Consider the enormous cost of having kept this silent for years! This was a key organization, serving an isolated immigrant community. Unfortunately the dialogue group did not include the executive director or board members who later did not allow the conversation to progress further. This was seven years ago, and to this day, funders see the organization as “chronically in trouble.”

While it is a rather provocative question, asking about the biggest lie inhabiting your organization seems to be an effective way to cut right to the topics you wish to address. Since it is one of those things that makes you wonder, do I dare ask this, you almost have to in order to prove you aren’t succumbing to the type of thinking you are trying to eliminate.

This reminds me of something Peter Drucker said about decision making:

“A cardinal rule in decision-making is that you don’t make a decision until there is disagreement. If everyone agrees, you can’t tell what the decision is about. Maybe there is no decision to be made at all. So get disagreement.”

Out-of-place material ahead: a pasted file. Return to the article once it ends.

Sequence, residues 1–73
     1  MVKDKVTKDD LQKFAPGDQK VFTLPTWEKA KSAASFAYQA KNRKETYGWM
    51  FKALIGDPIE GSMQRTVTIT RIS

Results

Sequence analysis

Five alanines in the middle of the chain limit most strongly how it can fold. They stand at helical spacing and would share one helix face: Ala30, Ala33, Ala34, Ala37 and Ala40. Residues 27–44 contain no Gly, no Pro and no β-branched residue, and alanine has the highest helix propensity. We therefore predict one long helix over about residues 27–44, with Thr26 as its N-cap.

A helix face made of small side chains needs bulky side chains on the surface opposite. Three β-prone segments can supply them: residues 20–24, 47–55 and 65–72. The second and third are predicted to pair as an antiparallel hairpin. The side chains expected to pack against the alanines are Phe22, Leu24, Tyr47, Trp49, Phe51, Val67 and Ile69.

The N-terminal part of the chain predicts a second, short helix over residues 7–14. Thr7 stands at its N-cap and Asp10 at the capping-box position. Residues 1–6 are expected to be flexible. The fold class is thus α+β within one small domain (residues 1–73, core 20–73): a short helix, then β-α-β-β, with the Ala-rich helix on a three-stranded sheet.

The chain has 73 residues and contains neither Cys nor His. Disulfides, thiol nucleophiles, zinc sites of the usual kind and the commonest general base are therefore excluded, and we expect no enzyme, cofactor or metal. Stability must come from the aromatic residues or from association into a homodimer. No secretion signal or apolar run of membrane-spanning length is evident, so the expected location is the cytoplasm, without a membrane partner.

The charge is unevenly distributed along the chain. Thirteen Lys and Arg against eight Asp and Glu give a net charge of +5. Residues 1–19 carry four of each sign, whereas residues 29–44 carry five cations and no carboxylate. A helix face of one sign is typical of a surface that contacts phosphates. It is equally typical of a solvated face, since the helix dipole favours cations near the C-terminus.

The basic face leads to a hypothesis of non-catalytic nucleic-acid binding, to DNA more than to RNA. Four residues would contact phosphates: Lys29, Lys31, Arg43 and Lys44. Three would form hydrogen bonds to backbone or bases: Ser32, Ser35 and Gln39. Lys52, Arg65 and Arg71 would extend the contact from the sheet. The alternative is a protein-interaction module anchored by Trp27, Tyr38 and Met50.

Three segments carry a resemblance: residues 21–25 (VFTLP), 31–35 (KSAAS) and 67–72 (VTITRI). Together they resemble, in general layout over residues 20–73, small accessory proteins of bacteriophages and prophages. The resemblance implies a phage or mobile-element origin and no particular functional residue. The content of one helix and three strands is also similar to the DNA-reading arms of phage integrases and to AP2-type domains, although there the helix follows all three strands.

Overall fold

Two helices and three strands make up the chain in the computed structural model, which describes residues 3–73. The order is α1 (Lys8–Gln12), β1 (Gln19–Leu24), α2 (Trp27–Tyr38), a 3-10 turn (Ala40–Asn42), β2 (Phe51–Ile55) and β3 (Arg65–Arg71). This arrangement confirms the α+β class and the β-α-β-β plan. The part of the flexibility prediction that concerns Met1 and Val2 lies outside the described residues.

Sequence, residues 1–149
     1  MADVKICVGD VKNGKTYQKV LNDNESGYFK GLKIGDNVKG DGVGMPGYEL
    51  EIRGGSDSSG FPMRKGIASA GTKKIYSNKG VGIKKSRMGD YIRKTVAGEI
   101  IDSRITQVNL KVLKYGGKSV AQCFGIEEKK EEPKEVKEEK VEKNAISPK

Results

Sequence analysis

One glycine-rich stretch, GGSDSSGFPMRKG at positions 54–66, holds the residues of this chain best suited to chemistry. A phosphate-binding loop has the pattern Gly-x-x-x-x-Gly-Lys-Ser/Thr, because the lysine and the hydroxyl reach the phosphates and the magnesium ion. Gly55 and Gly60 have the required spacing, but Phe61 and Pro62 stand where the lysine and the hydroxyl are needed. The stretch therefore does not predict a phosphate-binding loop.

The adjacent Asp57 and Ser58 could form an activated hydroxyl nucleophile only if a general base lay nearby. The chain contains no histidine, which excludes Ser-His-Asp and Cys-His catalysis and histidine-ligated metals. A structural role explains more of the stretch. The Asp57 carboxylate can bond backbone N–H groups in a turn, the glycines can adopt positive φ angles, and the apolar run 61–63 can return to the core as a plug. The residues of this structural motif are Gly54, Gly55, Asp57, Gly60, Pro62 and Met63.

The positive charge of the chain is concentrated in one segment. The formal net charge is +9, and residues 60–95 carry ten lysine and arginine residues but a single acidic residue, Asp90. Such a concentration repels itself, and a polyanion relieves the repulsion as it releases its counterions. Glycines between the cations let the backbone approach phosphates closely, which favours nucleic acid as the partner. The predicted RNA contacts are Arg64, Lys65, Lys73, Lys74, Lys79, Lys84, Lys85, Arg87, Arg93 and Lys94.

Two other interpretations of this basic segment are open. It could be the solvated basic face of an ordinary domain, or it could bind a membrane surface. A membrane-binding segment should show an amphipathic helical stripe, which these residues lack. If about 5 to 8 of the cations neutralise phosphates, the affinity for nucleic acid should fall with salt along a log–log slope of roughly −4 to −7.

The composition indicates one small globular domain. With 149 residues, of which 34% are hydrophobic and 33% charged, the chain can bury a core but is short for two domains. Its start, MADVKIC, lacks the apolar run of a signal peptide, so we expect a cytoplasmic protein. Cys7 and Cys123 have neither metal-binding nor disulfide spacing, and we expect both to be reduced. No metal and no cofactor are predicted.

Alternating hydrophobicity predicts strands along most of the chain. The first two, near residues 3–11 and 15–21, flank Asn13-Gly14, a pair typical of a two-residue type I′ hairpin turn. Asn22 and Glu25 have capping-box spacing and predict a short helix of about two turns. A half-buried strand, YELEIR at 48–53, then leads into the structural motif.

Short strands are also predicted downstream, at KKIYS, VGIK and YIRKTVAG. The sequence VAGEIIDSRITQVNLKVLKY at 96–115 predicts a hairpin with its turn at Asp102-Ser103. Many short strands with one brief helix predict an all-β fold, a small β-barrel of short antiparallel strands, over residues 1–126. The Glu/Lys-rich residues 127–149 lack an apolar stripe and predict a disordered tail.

I have seen this quote or something similar related to the idea that if there is not disagreement, you probably aren’t getting everyone’s true thoughts on the matter and need to solicit opinions until someone does voice a conflicting view.

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Door #1 or Door #2 And $400,000?

If you haven’t heard about it yet, it is worth checking out a recent story about two successful Broadway shows vying for the same theater.